Jackson has a three-part analysis for statutory ambiguity. She analyzes statutory ambiguity by: (1) structure of the statute as a whole and other indicia of meaning from the text, (2) if still unresolved, then Supreme Court rules of interpretation (e.g. rule of lenity), and (3) sometimes consults legislative history but has never made decision based on that ground.[30]

At least one of Jackson’s rulings on immigration shows disregard for the separation-of-powers. Judge Jackson granted a nationwide injunction enjoining Homeland Security’s decision to expand the category of non-citizens that might be subject to expedited removal procedures.[31] The D.C. Circuit reversed her on appeal, reasoning that Congress explicitly delegated this decision to the agency.[32] Judge Rao dissented, reasoning that the court did not even have jurisdiction to consider the claim, meaning that Judge Jackson should have dismissed the case immediately.[33]

However, in another case, Judge Jackson ruled against an immigration challenge that was intended to slow down building the wall along the southern border.[34]

Jackson has called for drug law reform. When she was a member of the Sentencing Commission, she said that our drug laws need to be reformed.[35] In fairness, Judge William Pryor of the Eleventh Circuit has agreed with this as well.[36] There is a growing bipartisan movement to reform our drug laws. Judge Jackson also attested that as a judge, she is not a policy maker, so it would be inappropriate for her to amend the law in her judicial capacity.[37]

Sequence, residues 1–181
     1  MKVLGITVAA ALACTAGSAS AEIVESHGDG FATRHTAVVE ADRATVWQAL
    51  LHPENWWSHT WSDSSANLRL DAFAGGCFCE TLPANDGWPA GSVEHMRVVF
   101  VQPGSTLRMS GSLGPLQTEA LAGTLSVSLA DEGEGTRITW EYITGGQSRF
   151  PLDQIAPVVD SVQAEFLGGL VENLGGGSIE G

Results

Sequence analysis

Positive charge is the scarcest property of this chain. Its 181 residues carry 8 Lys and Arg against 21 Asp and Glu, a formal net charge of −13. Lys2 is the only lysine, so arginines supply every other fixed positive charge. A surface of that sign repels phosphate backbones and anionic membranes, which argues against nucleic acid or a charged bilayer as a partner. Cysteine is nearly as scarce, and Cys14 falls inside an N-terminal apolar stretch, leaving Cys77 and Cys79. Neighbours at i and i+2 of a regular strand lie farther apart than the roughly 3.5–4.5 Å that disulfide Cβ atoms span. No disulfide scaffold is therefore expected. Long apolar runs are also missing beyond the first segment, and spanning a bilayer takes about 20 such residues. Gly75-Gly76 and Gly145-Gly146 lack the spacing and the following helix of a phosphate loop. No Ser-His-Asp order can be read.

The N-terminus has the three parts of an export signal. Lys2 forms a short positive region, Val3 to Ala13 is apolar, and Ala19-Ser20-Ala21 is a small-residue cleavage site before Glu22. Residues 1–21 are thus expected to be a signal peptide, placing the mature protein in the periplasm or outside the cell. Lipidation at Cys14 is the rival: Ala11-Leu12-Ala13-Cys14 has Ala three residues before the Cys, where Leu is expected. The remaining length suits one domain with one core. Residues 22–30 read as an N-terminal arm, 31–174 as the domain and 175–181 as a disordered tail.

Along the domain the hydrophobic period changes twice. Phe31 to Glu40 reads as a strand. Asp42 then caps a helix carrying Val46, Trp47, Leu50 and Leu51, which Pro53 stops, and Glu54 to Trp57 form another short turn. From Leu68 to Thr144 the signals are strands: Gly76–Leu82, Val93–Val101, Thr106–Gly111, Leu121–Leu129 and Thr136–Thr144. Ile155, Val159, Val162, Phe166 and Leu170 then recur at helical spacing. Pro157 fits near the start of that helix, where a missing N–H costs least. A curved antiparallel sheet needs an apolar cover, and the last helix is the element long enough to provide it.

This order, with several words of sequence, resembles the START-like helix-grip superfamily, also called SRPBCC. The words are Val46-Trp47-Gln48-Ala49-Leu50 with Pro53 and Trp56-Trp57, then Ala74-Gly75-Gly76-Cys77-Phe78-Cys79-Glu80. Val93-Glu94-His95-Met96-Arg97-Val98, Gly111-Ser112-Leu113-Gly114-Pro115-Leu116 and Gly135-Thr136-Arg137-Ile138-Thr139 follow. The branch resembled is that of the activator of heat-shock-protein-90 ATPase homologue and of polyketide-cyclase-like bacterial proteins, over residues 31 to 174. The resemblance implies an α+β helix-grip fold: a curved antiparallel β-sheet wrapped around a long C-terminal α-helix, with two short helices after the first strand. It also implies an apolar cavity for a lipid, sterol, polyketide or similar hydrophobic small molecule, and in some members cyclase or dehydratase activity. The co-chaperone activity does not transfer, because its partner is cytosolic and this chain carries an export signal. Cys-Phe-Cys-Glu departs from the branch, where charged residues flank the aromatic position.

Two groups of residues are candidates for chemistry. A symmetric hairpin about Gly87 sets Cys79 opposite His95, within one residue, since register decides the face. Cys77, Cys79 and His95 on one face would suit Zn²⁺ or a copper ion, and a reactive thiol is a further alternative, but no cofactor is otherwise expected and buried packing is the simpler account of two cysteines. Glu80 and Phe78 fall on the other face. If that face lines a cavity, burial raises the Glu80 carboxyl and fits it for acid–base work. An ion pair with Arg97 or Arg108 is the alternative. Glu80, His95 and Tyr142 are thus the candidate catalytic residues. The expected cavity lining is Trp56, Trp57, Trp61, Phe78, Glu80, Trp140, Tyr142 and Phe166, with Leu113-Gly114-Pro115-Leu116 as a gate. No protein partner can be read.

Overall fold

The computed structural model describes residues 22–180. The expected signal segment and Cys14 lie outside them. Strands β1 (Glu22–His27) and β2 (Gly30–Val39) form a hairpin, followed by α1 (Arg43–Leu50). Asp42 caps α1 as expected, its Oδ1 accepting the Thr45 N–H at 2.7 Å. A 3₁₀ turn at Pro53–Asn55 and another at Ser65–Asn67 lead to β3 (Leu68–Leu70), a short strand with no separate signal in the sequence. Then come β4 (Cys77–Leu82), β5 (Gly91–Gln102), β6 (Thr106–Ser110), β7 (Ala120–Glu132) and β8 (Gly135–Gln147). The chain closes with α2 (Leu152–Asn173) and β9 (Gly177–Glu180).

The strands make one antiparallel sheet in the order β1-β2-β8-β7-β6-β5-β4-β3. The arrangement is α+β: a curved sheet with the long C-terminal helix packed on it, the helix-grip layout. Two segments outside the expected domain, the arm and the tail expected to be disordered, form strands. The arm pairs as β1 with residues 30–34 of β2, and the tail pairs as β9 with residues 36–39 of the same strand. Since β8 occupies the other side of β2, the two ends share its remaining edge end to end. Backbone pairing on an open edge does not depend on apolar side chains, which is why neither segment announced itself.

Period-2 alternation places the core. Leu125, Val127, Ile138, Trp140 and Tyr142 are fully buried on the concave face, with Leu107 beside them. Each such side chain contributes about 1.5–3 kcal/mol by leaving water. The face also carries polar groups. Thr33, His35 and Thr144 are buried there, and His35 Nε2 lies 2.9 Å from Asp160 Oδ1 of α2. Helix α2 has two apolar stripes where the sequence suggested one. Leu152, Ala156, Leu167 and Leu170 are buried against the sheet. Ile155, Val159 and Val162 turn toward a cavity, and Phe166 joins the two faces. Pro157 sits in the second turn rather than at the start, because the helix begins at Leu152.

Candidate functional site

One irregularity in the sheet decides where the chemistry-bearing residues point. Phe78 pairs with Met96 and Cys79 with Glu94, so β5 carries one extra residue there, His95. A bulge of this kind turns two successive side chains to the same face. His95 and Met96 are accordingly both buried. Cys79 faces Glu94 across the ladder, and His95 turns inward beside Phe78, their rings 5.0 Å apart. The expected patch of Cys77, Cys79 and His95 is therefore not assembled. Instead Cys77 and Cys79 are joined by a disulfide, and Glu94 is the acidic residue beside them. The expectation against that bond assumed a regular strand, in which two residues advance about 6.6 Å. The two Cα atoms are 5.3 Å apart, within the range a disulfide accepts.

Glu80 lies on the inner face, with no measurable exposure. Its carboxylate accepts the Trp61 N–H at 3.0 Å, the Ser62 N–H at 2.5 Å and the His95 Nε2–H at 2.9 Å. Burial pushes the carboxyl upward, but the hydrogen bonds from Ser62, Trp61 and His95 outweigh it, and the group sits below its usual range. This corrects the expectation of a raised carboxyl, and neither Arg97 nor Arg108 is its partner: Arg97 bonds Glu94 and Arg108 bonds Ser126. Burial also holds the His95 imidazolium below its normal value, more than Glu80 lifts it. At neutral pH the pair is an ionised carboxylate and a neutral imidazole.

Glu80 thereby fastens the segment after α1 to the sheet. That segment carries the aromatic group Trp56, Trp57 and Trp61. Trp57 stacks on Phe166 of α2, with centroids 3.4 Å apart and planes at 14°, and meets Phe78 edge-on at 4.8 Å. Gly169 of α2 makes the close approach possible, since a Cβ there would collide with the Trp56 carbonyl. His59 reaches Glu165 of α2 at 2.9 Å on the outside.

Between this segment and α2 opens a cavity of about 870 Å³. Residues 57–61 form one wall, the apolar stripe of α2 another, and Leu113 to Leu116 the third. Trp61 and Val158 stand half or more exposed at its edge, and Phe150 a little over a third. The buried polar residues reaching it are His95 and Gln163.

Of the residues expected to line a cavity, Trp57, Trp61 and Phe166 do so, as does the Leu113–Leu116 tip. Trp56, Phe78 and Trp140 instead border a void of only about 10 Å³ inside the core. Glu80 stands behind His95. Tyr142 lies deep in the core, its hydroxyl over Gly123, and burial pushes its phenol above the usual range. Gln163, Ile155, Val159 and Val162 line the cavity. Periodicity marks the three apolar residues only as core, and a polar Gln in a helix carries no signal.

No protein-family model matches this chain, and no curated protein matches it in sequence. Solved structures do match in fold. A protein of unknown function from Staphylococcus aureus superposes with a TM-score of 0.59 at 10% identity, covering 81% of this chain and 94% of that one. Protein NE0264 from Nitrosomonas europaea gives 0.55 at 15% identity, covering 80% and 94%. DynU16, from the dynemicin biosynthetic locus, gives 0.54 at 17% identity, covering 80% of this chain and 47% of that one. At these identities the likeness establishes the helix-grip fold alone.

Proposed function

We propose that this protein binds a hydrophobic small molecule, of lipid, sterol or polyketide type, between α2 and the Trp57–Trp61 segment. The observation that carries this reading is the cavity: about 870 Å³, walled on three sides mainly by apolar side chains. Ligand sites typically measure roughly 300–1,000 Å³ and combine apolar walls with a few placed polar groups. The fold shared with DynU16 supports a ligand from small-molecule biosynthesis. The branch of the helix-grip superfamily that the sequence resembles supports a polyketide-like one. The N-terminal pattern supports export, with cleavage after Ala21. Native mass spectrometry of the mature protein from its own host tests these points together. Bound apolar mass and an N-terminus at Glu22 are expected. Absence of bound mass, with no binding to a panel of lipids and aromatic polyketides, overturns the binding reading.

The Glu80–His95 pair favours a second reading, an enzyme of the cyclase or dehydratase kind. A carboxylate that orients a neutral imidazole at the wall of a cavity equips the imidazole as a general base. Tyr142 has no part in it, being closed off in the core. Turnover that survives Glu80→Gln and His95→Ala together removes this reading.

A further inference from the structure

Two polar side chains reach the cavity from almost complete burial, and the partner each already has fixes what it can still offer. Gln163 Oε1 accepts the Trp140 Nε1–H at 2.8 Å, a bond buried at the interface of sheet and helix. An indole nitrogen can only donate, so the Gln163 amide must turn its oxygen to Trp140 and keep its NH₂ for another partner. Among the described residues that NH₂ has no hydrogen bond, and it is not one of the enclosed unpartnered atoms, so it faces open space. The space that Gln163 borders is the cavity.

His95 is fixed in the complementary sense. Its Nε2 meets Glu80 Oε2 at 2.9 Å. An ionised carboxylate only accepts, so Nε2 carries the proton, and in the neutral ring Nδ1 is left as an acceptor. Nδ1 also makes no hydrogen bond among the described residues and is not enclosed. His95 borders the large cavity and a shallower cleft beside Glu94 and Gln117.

Jackson has never owned Guns. Does not and has never owned any firearms.[38]

Jackson’s response to free speech and free exercise of religion questions is concerning. She acknowledged that the First Amendment protects offensive speech,[39] and also acknowledges that the Supreme Court recognizes that so-called “hate speech” is protected by the First Amendment.[40] When asked what the limits of “hate speech” are, she cited Chaplinsky v. New Hampshire’s “fighting words” doctrine.[41] While this is technically a correct answer under the Supreme Court’s precedents, conservatives have sometimes flagged this as a potential way for the government to punish Christians who hold to Biblical truth about homosexuality.

She cited Christian Legal Soc’y v. Martinez early in her response when she was asked to explain how the First Amendment applies in university settings.[42] Again, while this is a Supreme Court precedent, it is alarming that this is one of the first places she went when asked to explain how the First Amendment applies. For instance, she made no reference to Rosenberger v. Rector & Visitors of the Univ. of Va.,[43] which was a key case in this area. Rosenberger held that a university may not discriminate on the basis of viewpoint once it has opened a forum. In contrast, CLS held that the First Amendment does not protect the right of a Christian student group to condition leadership positions on the basis of adhering to traditional Christian doctrine. Thus, her response may indicate that she is more concerned about forcing students to accept other students than she is about the government discriminating against students.